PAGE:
In late 2004, an ultra-Orthodox rabbi asked Abrasha Burstyn, the chief executive of a small Israeli cellphone company, for a phone that could put the secular world on hold.
Cellphone companies, at the time, had started to load their products with entertainment features, and the rabbi wanted none of it. He was in search of a phone without Internet capabilities or text messaging. He didn’t want cameras, music downloading, or anything else that could “distract” the pious. He was looking for a device that could make and receive calls. Period.
Mr. Burstyn, 58 years old, soon found that many other Jews were hunting for similar, simpler cellphones. “They are listening to the rabbis,” Mr. Burstyn says. Last March his company, MIRS Communications Ltd., rolled out its first batch of “kosher” phones stripped down of all features but basic voice service. The company’s phones, which are available only in Israel, have attracted 20,000 subscribers.
It is just one sign that the global cellphone market has found God. At a time when consumers are being inundated with offers to receive wireless sports updates, interactive games and more, Mr. Burstyn and other entrepreneurs are catering to customers looking for cellphones and related services that satisfy spiritual, rather than entertainment needs.
Companies are selling devices and services such as Christian ringtones and phones with timers that remind Muslims of prayer time. A Pittsburgh company named Jireh Business Development has even introduced a service called JirehMobile that sells what it calls “holy hip-hop” ring tones.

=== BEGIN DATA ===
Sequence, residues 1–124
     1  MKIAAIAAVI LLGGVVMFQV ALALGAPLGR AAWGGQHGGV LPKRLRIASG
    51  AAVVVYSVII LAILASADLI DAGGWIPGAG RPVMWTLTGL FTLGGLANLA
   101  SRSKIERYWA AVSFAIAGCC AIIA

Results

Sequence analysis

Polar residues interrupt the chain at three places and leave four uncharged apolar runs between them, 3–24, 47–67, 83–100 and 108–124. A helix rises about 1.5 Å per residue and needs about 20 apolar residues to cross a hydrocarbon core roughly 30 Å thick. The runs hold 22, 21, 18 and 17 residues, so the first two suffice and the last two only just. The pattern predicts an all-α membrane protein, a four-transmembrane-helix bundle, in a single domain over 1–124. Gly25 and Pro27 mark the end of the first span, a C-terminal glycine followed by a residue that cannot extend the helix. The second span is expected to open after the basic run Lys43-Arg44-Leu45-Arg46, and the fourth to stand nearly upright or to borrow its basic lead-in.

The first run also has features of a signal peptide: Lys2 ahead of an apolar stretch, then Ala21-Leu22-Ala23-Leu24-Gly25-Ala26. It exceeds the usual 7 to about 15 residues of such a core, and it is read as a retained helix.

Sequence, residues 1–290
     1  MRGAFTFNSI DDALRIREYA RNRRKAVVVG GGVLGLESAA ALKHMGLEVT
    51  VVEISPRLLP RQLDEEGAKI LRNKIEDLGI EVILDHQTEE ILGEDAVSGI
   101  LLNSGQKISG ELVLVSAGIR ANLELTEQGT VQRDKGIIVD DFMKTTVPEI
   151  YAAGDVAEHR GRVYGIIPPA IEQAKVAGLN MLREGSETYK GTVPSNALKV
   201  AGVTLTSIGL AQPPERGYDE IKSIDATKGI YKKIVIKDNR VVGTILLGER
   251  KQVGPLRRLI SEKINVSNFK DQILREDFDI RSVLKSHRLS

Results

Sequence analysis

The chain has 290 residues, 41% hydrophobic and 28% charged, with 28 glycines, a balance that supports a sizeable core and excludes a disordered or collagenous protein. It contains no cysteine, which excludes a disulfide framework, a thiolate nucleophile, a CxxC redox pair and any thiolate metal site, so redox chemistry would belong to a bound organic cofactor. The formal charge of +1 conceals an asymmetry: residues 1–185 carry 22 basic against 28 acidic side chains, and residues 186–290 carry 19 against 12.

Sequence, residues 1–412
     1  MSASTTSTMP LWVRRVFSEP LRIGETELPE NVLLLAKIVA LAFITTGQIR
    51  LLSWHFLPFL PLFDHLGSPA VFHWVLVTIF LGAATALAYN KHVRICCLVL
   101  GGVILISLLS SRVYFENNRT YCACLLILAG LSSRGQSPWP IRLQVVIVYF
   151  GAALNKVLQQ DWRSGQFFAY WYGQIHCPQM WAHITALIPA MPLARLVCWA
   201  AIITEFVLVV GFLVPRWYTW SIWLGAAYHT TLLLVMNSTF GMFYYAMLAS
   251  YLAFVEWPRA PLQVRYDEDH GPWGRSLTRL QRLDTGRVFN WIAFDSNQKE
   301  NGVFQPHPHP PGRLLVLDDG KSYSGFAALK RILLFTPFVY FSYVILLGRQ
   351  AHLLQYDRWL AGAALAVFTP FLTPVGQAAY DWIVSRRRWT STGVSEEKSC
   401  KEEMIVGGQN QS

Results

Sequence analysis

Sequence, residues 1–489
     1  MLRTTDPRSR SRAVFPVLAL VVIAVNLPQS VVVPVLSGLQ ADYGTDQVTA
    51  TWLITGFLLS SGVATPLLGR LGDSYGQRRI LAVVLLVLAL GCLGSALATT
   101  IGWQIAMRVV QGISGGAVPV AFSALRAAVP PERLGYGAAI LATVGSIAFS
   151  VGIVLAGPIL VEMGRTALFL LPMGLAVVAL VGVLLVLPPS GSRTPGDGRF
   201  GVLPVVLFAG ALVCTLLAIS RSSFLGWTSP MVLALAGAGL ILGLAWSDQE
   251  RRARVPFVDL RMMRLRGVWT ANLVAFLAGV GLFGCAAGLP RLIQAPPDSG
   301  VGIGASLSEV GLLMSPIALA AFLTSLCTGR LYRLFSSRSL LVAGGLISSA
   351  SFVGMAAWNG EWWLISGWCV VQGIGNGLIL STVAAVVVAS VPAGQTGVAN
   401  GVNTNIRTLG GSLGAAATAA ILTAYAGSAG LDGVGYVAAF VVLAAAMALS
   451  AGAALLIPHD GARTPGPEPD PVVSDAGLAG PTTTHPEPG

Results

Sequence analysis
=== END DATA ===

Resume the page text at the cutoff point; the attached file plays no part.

That cellphones — despite their tiny screens — should be a window into the soul should come as no surprise, experts say. Along with all their practical functions, experts say cellphones and the services that go with them are increasingly being used by consumers to assert their identities. Users customize their units with ring tones, covers and wallpaper to reflect their individual tastes.
“Choosing a religious phone is one way a person who gives high salience to his or her religious identity can assert that importance in a public way,” says William Swatos, the executive director of the Religious Research Association in Galva, Ill.
Businesses selling religious oriented cellphones often get free marketing assistance from religious leaders and communities. The rabbinical authorities of the one million-strong ultra-orthodox Haredi community in Israel called for pious people, especially the young generation, to ditch their cellphones and sign up with Mr. Burstyn’s company.